❝ People of color, women, and gays — who now have greater access to the centers of influence that ever before — are under pressure to be well-behaved when talking about their struggles. There is an expectation that we can talk about sins but no one must be identified as a sinner: newspapers love to describe words or deeds as “racially charged” even in those cases when it would be more honest to say “racist”; we agree that there is rampant misogyny, but misogynists are nowhere to be found; homophobia is a problem but no one is homophobic. One cumulative effect of this policed language is that when someone dares to point out something as obvious as white privilege, it is seen as unduly provocative. Marginalized voices in America have fewer and fewer avenues to speak plainly about what they suffer; the effect of this enforced civility is that those voices are falsified or blocked entirely from the discourse.
Excerpt from Teju Cole’s essay “The White Savior Industrial Complex”. (via beautravail)
//////// I was lucky enough to enjoy the company of Teju Cole in Goa (India) at the Goa Literature and Arts Festival at the end of 2011. We drank. We hung out. We made jokes about white people. He was familiar with my music and at that point I hadn’t been with his writing, although if you’re like me you know when someone “gets it” very quickly, whatever “it” is for you. I bought a copy of Open City and he signed it “to a fellow wordsmith” or something of the sort. I was honored. It was the PEN/Hemingway award and I was hell of happy for my dude. I highly recommended it before that and I highly recommend it again now, after that. (I lent my girlfriend my copy, she read it, enjoyed it immensely and it is now in the possession of a friend of hers. It’s the type of book you pass around - it’s very good.)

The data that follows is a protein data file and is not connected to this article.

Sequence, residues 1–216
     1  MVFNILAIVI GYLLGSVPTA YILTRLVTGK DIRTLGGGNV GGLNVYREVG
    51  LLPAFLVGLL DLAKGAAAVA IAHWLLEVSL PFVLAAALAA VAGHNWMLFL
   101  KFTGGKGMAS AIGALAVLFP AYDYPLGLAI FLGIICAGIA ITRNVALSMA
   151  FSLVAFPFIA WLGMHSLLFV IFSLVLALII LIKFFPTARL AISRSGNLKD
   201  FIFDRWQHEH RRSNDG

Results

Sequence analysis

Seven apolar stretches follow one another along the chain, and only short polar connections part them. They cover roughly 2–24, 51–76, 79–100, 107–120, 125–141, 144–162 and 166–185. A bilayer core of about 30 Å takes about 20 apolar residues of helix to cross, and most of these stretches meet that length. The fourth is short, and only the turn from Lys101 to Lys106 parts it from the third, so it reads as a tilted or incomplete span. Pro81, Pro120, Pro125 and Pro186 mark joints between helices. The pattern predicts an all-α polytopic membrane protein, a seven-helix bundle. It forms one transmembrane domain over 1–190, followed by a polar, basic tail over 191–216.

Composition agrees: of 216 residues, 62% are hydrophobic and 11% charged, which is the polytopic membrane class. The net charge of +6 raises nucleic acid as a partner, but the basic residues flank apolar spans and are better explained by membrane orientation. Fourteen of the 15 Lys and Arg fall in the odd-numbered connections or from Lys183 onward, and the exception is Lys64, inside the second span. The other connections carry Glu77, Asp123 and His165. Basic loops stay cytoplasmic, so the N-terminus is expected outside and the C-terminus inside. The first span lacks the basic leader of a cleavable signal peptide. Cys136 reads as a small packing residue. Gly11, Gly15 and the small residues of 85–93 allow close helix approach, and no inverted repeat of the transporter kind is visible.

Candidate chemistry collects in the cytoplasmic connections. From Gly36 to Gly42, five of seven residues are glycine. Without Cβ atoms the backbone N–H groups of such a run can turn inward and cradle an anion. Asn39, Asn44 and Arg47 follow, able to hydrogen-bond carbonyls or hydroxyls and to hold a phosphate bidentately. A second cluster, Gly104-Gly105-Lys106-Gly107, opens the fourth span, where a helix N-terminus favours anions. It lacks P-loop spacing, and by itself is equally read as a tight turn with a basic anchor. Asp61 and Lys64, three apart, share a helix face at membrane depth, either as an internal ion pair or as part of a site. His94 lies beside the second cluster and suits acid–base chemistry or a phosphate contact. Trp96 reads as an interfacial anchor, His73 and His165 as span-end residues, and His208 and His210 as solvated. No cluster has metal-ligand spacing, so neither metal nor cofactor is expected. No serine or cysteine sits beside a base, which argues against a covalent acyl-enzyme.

Your moms get passed around so much we call her Open City.
(Source: jalwhite, via nehrujackets)